Anchorage was a shock, 250,000 people, mostly driving cars, not 4X4’s like Fairbanks. The only ‘trillium’ spotted was a red ’51 coupe in a storage yard. We spent a day exploring the Kenai Peninsula, walking on glaciers, watching Beluga whales and ‘aaahhing’ and ‘oohing’ over the spectacular scenery. We saw old trucks but they were all brand ‘X’. One night in Anchorage, we saw the Aurora Borealis that stretched from horizon to horizon, a fantastic sight.
After a few days in Anchorage, we headed east on the Glennallen Highway that connects Anchorage to the Alaska Highway. We had a copy of ‘The Milepost’, a fat book that covers everything on the road in Alaska. By the end of the trip, it was dog-eared and worn. Don’t drive Alaska without one! We also found out that after September 15th, campgrounds, gas stations, museums, etc, close for the season. I had to return to Haines Junction when I found all of the gas stations were closed, an 80-mile waste of time and fuel. Near milepost 123 we spotted a rusty green ’52 F-5 cab and chassis with no glass. That must be a chilly ride. The bumper is bent just like my ’52 F-1; how does that happen? A little further on we saw a green ’48 F-5 with the wheels removed. As we drove farther east, it began to get colder. We camped near Glennallen and awoke to 24 degrees and frost. We have light sleeping bags, good for about 40 degrees so we wore all of our clothes to bed. Soon, we were driving on ice and snow. We rolled into Haines Junction in the Yukon after a day of icy driving and rented a motel room since it was 18 degrees, the first motel of the trip. Near White Horse, we saw a nice ’51 F-1 covered with a bit of snow. Watson Lake is the town where people have brought signs from their hometowns and mounted them on poles. Did they steal them? A large forest of signs has been created and we could have spent hours wandering through it. But my wife wanted to get to Laird Hot Springs so she could get warm. We spent the better part of the day there, a wonderful place to camp and soak.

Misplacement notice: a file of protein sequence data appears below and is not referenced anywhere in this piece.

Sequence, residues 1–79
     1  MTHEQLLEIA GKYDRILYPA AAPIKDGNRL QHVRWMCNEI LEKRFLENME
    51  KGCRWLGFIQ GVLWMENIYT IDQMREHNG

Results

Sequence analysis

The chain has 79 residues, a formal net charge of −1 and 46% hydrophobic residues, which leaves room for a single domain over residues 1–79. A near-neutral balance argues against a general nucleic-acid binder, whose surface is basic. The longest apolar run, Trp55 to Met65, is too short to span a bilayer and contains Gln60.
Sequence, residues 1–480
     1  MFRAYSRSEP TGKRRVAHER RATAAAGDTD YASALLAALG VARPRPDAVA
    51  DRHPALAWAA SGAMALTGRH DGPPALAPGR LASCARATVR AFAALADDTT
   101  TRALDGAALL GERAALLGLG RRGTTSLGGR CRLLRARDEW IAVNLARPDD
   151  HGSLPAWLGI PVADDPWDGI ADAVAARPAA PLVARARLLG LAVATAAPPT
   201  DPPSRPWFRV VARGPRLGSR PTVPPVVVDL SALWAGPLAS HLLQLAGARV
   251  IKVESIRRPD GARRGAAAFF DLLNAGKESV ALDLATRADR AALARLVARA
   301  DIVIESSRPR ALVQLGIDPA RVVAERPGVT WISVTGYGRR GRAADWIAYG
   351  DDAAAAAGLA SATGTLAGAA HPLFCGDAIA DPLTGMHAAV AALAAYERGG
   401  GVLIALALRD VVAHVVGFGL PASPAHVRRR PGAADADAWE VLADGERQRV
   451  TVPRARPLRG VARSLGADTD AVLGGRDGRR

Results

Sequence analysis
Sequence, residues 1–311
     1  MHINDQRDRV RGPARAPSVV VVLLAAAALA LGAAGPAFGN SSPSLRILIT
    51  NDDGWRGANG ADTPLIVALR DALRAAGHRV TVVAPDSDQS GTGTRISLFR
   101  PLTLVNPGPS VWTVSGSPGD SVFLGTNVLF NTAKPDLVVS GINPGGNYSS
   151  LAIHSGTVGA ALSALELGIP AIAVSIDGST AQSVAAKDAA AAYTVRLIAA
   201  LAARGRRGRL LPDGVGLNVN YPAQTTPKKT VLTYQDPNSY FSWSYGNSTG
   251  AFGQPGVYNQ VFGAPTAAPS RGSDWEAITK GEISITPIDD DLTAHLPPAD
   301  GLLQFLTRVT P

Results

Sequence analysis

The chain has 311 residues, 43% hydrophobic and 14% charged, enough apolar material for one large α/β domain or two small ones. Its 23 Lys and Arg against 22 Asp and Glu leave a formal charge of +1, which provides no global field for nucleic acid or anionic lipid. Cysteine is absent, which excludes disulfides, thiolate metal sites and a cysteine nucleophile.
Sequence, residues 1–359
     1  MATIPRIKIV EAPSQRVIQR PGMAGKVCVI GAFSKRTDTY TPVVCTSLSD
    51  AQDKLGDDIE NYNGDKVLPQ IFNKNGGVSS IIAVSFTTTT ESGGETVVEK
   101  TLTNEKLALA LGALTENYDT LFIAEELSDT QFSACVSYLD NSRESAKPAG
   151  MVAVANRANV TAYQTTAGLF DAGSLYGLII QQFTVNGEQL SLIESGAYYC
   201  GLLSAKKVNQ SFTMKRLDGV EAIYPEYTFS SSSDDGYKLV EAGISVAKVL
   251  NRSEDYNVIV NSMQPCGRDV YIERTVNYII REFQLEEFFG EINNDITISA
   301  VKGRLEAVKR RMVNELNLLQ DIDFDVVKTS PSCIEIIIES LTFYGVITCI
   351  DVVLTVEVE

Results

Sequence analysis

As we started to go south, it began to warm up. Plenty of wildlife was to be seen, moose, caribou, bear and deer. Traffic was very light. I could stop in the middle of the road and take pictures, taking plenty of time, not a vehicle in sight. Near Wonowon, BC, we found a terrible campground, the only one site available, but without a mis-adventure or two, a trip would have little to talk about later.
By the time we got to Hixon, BC, it was cold and raining. We found the Paradise Motel, a great place just off the highway. With ‘60’s furniture, one channel TV and a kitchenette, we were in a 1960 paradise.
Continuing on the next morning in the rain, we decided to drive the 52-mile side-trip to Barkerville, a BC Heritage park. In a pouring rain, we decided, since we drove so far, to pay admission and go in. It was good decision as it was fantastic! We spent the whole day, wallowing in the rain and immersing ourselves in this ghost town brought alive by real life characters hired by BC Heritage Parks. All that was missing was a few flat-head Fords. We found a wonderful private campground in Deep Creek with plenty of stacked firewood so we had a great campfire. Once again, we were the only campers, it being the ‘off’ season.
Driving down the Thompson River to Cache Creek, the scenery was awesome. We stopped there to check my email but the library (and museum) were closed, a familiar scenario since 9/15. But there were flat-head Fords! Two F-3 pick-ups were sitting next to an antique store downtown, both needing lots of work to put right again.
Soon we were into hot weather, driving down the beautiful Frazer River and entering Washington State at the tiny town of Sumas. We camped one more night at Larrabee State Park, where we camped the night before we sailed on the Malaspina 23 days before. We covered 2,045 miles in our old ’90 Toyota pick-up with no trouble, making dull conversation for that part of the trip.
Lesson learned: September is a good time to visit Alaska but we would have fared better if we had driven up to Fairbanks and taken the boat back, reducing the time we spent trying to find open gas stations and camp grounds after the 15th. And every year will see fewer flathead Fords.